“I can’t believe how much the building has changed in less than a decade”, I thought to myself, as I reviewed the photographs from the first time I did the Surry Hills Architecture Walk, almost ten years ago, comparing them with the photographs I took today. I’m referring specifically to the Greenway-designed “Surry Hills Cottage”. In 2007, it was resplendent; in 2016, it’s surrounded by hoardings, a statue out the front has been stolen, and it’s looking a little worse for wear.

Although I’d previously done the Surry Hills Architecture Walk, I love Surry Hills, I love history, and I love architecture, so of course I said “yes” when my new friend, Karina (a new, enthusiastic resident of Surry Hills) invited me the other week.

We started the walk at the corner of Belvoir and Buckingham streets, outside the Baptist Church which Karina explained was a particular subset of Baptists with a “particular” interest in “the end times”. I use the word “particular” in inverted commas, intentionally, because that’s what they call themselves.

After an historical overview of early European history in the area, we visited the aforementioned  Greenway-designed Surry Hills cottage, which I’d always remembered as far more glamorous than the building it presents today.

2005: The first main stop was one of Surry Hill’s hidden delights, a house designed by Francis Greenway. Although a classic simple-lined Georgian house (the kind of house a five year old might draw), this house has the added influence of a verandah.
Greenway-designed Surry Hills cottage 2016
Contrasting the bricks (cleaned and uncleaned) due to the railway pollution at the Sydney Railway Institute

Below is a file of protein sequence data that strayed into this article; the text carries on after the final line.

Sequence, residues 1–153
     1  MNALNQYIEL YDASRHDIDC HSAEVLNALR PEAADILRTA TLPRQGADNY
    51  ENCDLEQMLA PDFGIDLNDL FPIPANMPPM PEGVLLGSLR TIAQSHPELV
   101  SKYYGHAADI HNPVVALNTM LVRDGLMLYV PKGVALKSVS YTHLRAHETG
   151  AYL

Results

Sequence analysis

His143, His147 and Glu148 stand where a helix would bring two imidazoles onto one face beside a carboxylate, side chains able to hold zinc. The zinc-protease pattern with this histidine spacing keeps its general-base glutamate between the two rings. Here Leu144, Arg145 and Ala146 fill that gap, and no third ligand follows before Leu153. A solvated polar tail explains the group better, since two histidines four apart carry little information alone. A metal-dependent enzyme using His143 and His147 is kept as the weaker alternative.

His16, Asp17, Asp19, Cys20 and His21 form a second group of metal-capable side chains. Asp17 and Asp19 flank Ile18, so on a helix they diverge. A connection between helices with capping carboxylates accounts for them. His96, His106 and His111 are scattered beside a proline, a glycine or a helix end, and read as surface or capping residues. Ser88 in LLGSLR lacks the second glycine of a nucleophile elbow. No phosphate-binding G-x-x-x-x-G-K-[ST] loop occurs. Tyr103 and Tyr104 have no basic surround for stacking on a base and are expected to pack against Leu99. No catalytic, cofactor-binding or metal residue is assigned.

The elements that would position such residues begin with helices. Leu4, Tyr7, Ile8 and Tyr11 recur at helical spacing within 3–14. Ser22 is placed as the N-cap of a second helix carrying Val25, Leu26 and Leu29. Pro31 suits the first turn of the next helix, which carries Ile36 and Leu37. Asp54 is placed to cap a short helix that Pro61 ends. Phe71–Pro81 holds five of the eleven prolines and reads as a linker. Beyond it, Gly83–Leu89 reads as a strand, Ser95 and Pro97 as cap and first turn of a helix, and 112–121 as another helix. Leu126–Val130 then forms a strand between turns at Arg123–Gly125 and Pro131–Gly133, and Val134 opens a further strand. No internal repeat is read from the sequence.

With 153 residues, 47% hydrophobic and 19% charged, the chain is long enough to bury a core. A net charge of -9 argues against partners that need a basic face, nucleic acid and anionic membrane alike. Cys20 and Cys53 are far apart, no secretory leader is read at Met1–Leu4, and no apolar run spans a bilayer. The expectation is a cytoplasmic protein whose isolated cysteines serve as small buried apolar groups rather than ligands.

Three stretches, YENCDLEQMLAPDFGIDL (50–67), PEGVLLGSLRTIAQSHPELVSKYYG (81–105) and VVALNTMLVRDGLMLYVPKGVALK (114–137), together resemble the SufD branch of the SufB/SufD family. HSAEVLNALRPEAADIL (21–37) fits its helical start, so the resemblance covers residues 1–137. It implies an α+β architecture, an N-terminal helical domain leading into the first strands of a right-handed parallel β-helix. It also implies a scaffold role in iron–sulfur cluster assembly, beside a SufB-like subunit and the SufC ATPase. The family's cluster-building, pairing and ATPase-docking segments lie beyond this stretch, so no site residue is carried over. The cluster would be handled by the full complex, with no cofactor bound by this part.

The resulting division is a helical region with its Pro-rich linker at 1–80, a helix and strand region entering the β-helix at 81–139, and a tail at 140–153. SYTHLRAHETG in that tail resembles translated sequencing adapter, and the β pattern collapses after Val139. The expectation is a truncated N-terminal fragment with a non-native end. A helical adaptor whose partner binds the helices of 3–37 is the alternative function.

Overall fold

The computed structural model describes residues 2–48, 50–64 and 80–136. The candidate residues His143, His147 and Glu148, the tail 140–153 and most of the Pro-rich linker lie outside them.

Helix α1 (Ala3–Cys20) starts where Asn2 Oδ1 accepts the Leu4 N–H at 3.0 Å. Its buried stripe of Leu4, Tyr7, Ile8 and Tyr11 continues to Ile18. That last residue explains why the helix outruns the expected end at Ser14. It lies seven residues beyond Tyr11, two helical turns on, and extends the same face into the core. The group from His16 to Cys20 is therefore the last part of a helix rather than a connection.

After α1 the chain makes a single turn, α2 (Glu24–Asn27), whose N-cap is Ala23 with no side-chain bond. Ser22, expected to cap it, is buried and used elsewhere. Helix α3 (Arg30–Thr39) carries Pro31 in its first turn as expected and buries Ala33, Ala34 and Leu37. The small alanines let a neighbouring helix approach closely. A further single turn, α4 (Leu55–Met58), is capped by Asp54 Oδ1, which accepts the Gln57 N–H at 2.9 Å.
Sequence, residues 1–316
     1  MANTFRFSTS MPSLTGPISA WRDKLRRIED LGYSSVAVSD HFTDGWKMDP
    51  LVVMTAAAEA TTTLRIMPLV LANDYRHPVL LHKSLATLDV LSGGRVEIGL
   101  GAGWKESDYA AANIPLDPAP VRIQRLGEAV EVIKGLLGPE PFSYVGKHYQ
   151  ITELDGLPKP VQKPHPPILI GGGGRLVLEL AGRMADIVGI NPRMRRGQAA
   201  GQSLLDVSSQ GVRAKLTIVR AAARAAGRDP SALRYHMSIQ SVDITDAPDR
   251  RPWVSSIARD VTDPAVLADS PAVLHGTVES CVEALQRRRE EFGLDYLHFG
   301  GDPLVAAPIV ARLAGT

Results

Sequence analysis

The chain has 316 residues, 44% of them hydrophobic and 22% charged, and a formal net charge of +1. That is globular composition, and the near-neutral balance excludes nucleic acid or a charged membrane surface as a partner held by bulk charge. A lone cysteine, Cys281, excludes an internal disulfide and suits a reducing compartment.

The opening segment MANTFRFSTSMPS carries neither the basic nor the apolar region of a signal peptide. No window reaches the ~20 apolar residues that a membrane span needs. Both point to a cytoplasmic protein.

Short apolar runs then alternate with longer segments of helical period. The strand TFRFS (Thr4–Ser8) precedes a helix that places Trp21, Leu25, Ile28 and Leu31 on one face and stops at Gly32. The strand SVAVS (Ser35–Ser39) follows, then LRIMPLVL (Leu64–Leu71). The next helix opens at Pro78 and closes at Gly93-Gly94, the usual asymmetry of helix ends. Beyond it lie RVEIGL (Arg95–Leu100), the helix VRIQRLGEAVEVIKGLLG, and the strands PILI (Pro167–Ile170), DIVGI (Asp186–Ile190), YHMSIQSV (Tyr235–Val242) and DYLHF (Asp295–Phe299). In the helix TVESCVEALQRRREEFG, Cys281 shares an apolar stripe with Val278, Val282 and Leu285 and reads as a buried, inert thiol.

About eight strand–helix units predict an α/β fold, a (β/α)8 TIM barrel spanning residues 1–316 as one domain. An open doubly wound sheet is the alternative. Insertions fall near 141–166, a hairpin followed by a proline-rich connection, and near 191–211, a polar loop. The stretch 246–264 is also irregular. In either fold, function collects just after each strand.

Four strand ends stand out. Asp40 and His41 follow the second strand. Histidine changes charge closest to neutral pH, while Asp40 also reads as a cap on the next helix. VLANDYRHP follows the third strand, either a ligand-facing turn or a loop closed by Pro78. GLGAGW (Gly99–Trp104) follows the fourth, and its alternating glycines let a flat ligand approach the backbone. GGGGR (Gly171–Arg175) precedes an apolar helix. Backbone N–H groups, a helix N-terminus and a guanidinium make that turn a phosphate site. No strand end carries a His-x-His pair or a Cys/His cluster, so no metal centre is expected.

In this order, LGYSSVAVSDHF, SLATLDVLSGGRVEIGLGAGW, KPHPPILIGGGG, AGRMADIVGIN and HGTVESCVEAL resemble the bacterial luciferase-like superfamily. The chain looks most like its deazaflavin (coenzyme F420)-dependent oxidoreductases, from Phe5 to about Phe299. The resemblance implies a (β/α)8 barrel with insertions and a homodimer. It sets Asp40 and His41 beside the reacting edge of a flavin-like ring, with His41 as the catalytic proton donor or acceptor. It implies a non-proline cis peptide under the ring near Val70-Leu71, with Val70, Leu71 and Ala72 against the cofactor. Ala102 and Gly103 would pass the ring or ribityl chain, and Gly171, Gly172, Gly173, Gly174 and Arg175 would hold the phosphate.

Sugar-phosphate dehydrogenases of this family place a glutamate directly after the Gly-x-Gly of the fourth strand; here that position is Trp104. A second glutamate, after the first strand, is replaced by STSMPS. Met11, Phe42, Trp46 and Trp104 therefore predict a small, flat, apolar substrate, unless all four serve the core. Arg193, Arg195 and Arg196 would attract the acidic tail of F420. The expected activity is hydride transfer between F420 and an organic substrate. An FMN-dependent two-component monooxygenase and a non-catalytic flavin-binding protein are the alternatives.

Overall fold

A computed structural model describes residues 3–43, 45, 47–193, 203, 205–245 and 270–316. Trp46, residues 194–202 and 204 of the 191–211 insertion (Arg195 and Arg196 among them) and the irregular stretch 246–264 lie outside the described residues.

Making the best use of space, the triangular Sydney Dental Hospital, at the corner of Elizabeth and Chalmers streets
Less than 3metres wide, cottages at the corner of Sophia Street, Surry Hills
Buildings of different eras and designs, and yet linked, opposite the Aurora Hotel
Three buildings from different eras, and yet linked. The building behind the pub doesn’t overwhelm the junior, and yet also links with the Seidler-designed Australia Council building in design and lines.
The old power substation on Devonshire Street, now with apartments on top.
The old power substation on Devonshire Street, now with apartments on top.
The Reader’s Digest Building with colour and 3d contrasts is a living building, as you watch the colours change with the afternoon shadows
Clever concrete design at the Reader’s Digest building prevents rain stains

Once again, Terrance was an excellent tour guide who spoke with passion and knowledge. I also feel like I may have learned a lot more on today’s tour than the one I did almost 10 years ago. I think that may be because we visited fewer buildings, but spent more time at them. It may also be because today’s small group was made up of people with a passionate interest and knowledge of design. Very enjoyable.

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